Veterinarians: Manage Feet for Function
Because 90% of front-end lameness in horses occurs in the foot, hoof-related issues continue to be a hot topic in veterinary medicine. Duncan Peters, DVM, MS, Dipl. ACVSMR, associate professor of equine lameness and sports medicine at Michigan State’s College of Veterinary Medicine, and Andy Parks, MA, VetMB, MRCVS, professor of large animal medicine at the University of Georgia’s College of Veterinary Medicine, hosted a table topic discussion on foot lameness at the 2014 American Association of Equine Practitioners Convention, held Dec. 6-10 in Salt Lake City, Utah. The room was packed with interested practitioners who offered a variety of suggestions on specific foot issues.

Thin Soles

The first topic on the “table” was thin-soles, particularly in horses that develop chronic abscesses. “Trimming the sole too thin is one of the quickest ways to make a horse go lame,” Parks said. “It isn’t enough to have a thick sole, but the quality of the sole must also be appropriate as must be the integrity of the white line attaching the sole to the wall.”

Attendees agreed that using pea gravel as a paddock base helps improve solar weight-bearing in barefoot horses. Dental impression material (which is commonly used beneath a pad and shoe to provide evenly distributed support for the hoof soles, bars, and frog), on the other hand, might actually inhibit wall/sole growth by applying constant uniform pressure in a shod horse. Many audience members commented about what regulates sole growth. Usually, growth occurs in response to pressure, making it likely that there are mechanoreceptors in the hoof wall. Long toes and low heels are known to be associated with thin soles. Lateral radiographs might reveal a small amount of coffin bone rotation that hinders growth of the solar corium (the soft tissue layer that connects the coffin bone to the rigid hoof capsule and contains the hoof’s blood supply). Wooden shoes seem to work well for unloading the sole where bruising would otherwise cause inflammation and curtail growth. They also facilitate fast breakover to improve a horse’s comfort.

Navicular Disease

Navicular disease is an ever-concerning topic for horse owners and veterinarians alike. The objectives when seeking to relieve heel pain are to unweight the deep digital flexor tendon, ease foot breakover, and distribute the weight to more solid areas of the foot. Farriers should trim horses’ heels and frogs in the same plane so they share the load equally. Shoeing options that help relieve heel soreness include the rock and roll shoe, a Tennessee navicular shoe, a wooden shoe, and an open toe egg-bar.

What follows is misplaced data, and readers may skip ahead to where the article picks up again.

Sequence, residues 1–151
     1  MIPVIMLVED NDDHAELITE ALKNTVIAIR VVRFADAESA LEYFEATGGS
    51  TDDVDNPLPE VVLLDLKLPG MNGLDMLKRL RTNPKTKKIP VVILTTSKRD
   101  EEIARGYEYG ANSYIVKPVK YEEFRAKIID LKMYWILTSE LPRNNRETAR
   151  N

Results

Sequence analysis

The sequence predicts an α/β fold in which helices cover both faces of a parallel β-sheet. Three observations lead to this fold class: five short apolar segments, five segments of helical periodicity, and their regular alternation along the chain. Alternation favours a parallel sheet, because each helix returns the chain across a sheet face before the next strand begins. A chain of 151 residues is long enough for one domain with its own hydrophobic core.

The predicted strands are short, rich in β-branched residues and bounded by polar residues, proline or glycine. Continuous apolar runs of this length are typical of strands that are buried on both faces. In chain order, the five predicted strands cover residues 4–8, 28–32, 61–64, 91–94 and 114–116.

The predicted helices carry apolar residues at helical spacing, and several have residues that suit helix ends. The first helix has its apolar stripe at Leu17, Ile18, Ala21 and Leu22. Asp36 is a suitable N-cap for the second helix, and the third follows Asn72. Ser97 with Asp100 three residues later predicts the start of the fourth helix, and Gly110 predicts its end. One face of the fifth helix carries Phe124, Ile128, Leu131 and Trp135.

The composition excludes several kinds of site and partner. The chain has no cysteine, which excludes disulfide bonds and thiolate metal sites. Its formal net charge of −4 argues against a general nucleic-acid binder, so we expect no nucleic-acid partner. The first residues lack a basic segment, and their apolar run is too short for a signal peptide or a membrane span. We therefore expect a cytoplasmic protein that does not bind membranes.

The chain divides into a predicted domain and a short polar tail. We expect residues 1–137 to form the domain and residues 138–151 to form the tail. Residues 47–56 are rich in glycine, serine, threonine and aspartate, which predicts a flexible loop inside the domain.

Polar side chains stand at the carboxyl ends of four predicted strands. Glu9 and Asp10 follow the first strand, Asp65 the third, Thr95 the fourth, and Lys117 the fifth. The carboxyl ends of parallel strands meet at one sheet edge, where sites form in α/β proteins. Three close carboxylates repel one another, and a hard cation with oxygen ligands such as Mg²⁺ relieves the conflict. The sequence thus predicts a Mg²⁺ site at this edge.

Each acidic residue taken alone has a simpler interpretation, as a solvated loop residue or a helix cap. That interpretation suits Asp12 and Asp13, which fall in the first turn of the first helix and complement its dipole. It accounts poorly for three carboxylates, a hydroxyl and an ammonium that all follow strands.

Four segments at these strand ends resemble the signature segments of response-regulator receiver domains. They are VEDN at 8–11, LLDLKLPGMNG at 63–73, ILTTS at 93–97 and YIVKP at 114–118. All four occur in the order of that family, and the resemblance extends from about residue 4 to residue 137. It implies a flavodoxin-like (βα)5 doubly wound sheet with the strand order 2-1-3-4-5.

Keep in mind that these shoes by their very nature change the way the horse weights the foot and moves, which can have unexpected consequences “Often, if we do one thing to fix something, then another area is affected,” Parks noted.

“Deal with the something first, then make adjustments,” Peters added.

Coffin Bone Fractures

Next, the discussion turned to coffin bone fractures. To manage these, many audience members said they like to apply a shoe with a full rim around the entire foot or a fiberglass rim cast (which encases the hoof) with impression material for two months. Most agreed that they’ve found success with conservative management (providing mechanical support rather than surgery), particularly when treating mid-sagittal (through the middle of the bone) fractures. Once again, attendees touted the wooden shoe as useful because its round bottom relieves unilateral foot distortion that could otherwise distract (separate or pull apart) the fracture edges.

Underrun Heels

Veterinarians then moved on to the subject of underrun heels and negative palmar (front limb) or plantar (rear limb) angles (the angle the coffin bone makes with the ground); a negative angle means the back of the coffin bone is lower than the front of the bone, rather than both ends being level. Parks mentioned a study in which researchers determined the two most important variables related to pressure on the navicular bone are a) the coffin bone angle, which can be adversely affected by underrun heels, and b) the ratio of heel to toe height, (i.e. low heels have less height than the toe, which puts more pressure on the heel and the navicular structures).

But before setting out to correct those, keep in mind that “if the horse is performing well, then there may not be any need to modify the foot too much,” Peters said. “There is no point in putting a ‘pretty’ foot on a horse if it is less than functional.”

Crushed heels tend to lead to degeneration of the digital cushion (fibrocartilaginous tissue within the back portion of the internal hoof) and potentially irreversible damage. Underrun or collapsed heels still leave the farrier some heel to work with, but if allowed to persist for too long could lead to an irreversible condition. The frog needs stimulation, which farriers can accomplish by removing shoe bars and/or sole packing material. One participant mentioned that the more underrun the heels in racehorses, the greater the potential for catastrophic fetlock failure.

Coronary Band Circumference

Another note of interest came out of a study from Brazil and Australia showing that coronary band circumference decreases in young horses with race training but increases with rest after coming out of training. Impact and loading can alter the shape and configuration of the hoof over time, while hoof structures can be restored to more normal parameters when given time and rest.

In Conclusion

Parks summed up the current state of managing foot problems: “We think we can fix all things with the foot by putting something on the bottom of the foot,” he said. “Maybe we should also be paying more attention to the muscles and tendons higher in the limb that control the position of the bones of the digits.”